HomeLocal NewsNkomo statue saga: new twist

Nkomo statue saga: new twist

-

The Chief Secretary to the President and Cabinet Misheck Sibanda has reportedly stepped into the Nkomo statue saga to ease tensions created by the government’s decision to erect the late nationalist’s monument at the controversial Karigamombe Centre.

Sources yesterday said after Sibanda’s intervention, a committee was set up to ensure the issue was resolved amicably.

“A tripartite committee involving the ministries of Home Affairs, Local Government and Mines and Mining Development, has been set up to look into the issue. I’m sure Sibanda wants to ensure that the matter is resolved amicably and possibly find out what went wrong,” said a source close to the matter.

Although Sibanda could not be reached for comment, his secretary referred questions to the permanent secretary for Media, Information and Publicity George Charamba.

Charamba’s secretary, however, said her boss was not in a position to comment because it was a party (Zanu PF) issue.

It was not clear whether Sibanda had been assigned or was acting in his individual capacity.

The late Vice-President Joshua Nkomo’s first daughter, Thandiwe Nkomo-Ebrahim, said she was aware the government had taken up the matter but she had not been informed about the committee.

“All we know is that this whole issue is going to be re-looked at, but I don’t have information on the committee. As a family, we are just happy that the issue is being looked into. We haven’t received official information from the government, but some individuals have been talking to us,” she said.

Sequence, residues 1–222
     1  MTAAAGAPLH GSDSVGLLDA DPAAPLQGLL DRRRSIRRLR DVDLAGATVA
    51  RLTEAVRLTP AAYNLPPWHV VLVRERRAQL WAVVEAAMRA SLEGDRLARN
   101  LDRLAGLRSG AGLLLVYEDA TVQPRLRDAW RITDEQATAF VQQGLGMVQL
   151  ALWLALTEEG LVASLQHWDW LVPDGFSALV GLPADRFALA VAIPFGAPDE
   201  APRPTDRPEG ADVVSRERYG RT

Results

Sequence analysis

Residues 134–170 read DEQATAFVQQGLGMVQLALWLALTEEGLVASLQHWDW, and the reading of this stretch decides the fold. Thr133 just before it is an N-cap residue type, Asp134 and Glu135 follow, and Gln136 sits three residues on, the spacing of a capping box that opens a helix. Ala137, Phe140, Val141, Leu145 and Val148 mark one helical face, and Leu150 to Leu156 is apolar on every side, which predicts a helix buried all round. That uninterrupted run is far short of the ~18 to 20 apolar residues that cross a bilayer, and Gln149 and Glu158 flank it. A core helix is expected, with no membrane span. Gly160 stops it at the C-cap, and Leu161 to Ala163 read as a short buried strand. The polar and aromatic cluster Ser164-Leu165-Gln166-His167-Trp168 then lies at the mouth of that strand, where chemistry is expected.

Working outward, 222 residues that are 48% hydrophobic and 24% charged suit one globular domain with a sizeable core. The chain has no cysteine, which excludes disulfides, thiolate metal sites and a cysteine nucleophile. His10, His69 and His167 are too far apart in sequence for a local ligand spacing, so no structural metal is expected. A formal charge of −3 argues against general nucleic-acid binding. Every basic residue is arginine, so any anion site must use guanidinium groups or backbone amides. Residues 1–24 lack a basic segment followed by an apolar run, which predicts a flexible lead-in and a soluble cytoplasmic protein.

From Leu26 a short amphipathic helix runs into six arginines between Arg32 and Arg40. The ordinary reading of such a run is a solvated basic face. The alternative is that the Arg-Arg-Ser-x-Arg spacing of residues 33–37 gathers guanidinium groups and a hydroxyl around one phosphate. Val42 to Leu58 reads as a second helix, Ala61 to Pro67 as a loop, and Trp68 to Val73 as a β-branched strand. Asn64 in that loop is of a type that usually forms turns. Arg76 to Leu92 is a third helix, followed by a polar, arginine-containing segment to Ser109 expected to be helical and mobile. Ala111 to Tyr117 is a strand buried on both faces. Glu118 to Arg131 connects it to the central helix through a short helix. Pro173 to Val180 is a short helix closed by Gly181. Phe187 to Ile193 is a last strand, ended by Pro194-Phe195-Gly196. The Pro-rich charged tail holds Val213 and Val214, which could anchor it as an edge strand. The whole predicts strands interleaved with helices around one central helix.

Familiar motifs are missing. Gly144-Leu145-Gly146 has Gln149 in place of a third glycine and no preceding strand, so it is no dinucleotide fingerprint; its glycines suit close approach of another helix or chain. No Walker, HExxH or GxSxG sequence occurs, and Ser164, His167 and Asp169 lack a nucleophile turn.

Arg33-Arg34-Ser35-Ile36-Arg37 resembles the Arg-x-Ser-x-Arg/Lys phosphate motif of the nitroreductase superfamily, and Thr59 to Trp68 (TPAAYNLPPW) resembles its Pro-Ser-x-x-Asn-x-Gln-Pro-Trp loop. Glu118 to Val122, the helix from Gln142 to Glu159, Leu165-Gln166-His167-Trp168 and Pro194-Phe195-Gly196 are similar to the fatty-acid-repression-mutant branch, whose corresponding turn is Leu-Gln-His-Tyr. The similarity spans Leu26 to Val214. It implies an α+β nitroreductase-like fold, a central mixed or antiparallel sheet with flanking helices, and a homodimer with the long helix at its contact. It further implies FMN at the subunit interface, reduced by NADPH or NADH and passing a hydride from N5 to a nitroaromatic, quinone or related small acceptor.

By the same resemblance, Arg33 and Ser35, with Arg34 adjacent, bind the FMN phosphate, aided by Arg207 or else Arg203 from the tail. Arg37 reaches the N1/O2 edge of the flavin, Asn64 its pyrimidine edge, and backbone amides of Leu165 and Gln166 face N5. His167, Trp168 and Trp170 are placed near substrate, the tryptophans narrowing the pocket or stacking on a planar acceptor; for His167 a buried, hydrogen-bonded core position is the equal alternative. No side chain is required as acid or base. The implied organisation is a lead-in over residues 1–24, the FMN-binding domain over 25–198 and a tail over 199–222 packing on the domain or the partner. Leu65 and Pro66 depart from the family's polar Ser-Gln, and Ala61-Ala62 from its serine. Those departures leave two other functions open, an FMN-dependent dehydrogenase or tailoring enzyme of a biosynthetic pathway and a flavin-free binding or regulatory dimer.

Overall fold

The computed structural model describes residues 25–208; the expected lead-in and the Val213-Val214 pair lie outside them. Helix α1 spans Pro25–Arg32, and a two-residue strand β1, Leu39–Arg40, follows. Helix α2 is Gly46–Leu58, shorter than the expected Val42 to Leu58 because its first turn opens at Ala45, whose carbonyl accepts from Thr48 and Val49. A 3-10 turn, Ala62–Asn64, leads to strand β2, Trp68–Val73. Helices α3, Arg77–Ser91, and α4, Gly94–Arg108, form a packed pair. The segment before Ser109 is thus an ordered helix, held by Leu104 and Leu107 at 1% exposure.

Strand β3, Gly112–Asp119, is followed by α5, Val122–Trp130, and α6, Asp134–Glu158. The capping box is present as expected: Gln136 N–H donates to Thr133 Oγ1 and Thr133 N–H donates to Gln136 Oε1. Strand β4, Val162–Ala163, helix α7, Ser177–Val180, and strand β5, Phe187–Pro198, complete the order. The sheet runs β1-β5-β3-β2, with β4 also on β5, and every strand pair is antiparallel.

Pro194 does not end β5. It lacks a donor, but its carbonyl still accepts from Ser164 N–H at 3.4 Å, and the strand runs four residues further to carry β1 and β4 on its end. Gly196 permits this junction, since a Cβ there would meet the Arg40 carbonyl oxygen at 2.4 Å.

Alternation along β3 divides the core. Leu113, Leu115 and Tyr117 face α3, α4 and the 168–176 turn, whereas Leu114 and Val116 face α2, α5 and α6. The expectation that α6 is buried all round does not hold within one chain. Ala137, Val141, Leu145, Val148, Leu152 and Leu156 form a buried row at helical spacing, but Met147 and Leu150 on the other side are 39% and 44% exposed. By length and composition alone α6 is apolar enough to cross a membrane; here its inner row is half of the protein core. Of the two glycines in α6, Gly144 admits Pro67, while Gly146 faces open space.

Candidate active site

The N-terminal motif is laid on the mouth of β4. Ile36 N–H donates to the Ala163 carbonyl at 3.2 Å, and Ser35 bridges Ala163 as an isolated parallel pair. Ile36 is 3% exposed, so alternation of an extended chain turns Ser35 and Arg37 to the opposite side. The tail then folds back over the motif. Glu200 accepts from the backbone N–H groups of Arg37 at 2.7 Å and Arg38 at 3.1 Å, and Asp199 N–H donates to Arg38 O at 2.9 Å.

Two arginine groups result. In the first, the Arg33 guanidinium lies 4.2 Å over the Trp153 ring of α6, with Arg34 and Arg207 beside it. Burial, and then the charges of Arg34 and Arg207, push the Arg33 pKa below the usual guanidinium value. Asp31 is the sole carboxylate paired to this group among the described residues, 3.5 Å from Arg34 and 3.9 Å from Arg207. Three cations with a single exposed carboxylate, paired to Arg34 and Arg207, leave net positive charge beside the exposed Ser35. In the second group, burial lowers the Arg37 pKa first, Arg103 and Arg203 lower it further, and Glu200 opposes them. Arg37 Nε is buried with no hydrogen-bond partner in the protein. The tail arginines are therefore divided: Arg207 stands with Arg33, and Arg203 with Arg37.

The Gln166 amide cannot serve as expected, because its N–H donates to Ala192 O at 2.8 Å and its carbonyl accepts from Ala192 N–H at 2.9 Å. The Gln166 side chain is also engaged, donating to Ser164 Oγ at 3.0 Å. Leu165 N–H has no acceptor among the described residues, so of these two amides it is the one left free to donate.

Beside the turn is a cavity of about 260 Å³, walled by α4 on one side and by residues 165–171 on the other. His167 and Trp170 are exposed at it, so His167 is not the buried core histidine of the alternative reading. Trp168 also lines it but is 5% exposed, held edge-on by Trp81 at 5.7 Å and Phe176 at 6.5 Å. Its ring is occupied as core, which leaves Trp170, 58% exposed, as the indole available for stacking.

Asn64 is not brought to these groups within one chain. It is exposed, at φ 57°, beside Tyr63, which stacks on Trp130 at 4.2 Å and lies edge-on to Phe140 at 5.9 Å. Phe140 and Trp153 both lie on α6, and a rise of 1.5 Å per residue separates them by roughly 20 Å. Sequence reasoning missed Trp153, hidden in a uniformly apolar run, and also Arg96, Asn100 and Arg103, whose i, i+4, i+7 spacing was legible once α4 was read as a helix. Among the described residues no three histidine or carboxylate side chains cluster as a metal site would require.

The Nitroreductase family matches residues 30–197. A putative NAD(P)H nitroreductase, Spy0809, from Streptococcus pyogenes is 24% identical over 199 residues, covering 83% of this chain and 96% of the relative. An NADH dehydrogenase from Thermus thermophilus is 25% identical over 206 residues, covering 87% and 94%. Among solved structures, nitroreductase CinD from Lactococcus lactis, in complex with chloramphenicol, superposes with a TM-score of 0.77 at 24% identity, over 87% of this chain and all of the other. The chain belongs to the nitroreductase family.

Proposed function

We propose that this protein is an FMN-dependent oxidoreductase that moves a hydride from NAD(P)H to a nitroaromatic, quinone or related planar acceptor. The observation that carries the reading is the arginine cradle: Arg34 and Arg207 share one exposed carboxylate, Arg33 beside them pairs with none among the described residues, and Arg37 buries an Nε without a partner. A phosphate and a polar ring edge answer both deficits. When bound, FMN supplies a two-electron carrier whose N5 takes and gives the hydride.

There was an outcry after the government started work to erect Nkomo’s statue opposite Karigamombe Centre, a building whose name is believed to have been a celebration.

The late Vice-President Joshua Nkomo’s first daughter, Thandiwe Nkomo-Ebrahim, said she was aware the government had taken up the matter but she had not been informed about the committee.

“All we know is that this whole issue is going to be re-looked at, but I don’t have information on the committee. As a family, we are just happy that the issue is being looked into. We haven’t received official information from the government, but some individuals have been talking to us,” she said.

There was an outcry after the government started work to erect Nkomo’s statue opposite Karigamombe Centre, a building whose name is believed to have been a celebration of the supposed defeat of Nkomo and PF Zapu.

Nkomo was the leader of PF Zapu, whose symbol was a charging bull.

Karigamombe means one who fells a bull.

The Nkomo family strongly protested against the erection of the statue at the site, saying the move was an “insult and a mockery” to the family, the people of Matabeleland and the nation.

In an interview on Monday, Zanu PFspokesperson Rugare Gumbo said the decision to erect the statue at Karigamombe Centre, formerly Piccadilly Centre, was taken by the Ministry of Home Affairs after Zanu PF’s supreme decision-making body outside congress, the politburo, made the recommendations.

“The decision to erect two statues, one in Bulawayo and another one in Harare, was made by the politburo in 2001. The exact sites and everything else to do with the erection of the statues was the responsibility of the Ministry of Home Affairs,” said Gumbo.

“They are the responsible authority and you can phone them to find out that happened.”

Vice President John Nkomo was the Home Affairs minister in 2001 before Kembo Mohadi took over in 2002. Currently he is Home Affairs co-minister.

Mohadi refused to comment. While haggling over the site in Harare continues, construction work has begun in Bulawayo.

Recent Posts

Stories you will enjoy

Recommended reading